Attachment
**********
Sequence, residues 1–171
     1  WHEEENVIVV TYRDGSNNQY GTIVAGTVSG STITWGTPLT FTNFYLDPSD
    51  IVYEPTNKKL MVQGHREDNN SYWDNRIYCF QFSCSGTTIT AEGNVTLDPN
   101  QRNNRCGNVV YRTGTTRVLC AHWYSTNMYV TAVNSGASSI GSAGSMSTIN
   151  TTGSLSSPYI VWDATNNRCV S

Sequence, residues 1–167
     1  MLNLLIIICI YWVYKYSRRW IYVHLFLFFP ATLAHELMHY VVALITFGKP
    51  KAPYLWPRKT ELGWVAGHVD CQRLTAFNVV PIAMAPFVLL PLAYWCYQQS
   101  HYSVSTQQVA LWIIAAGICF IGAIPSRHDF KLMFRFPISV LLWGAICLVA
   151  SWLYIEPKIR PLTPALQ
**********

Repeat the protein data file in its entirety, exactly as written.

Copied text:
Sequence, residues 1–171
     1  WHEEENVIVV TYRDGSNNQY GTIVAGTVSG STITWGTPLT FTNFYLDPSD
    51  IVYEPTNKKL MVQGHREDNN SYWDNRIYCF QFSCSGTTIT AEGNVTLDPN
   101  QRNNRCGNVV YRTGTTRVLC AHWYSTNMYV TAVNSGASSI GSAGSMSTIN
   151  TTGSLSSPYI VWDATNNRCV S

Sequence, residues 1–167
     1  MLNLLIIICI YWVYKYSRRW IYVHLFLFFP ATLAHELMHY VVALITFGKP
    51  KAPYLWPRKT ELGWVAGHVD CQRLTAFNVV PIAMAPFVLL PLAYWCYQQS
   101  HYSVSTQQVA LWIIAAGICF IGAIPSRHDF KLMFRFPISV LLWGAICLVA
   151  SWLYIEPKIR PLTPALQ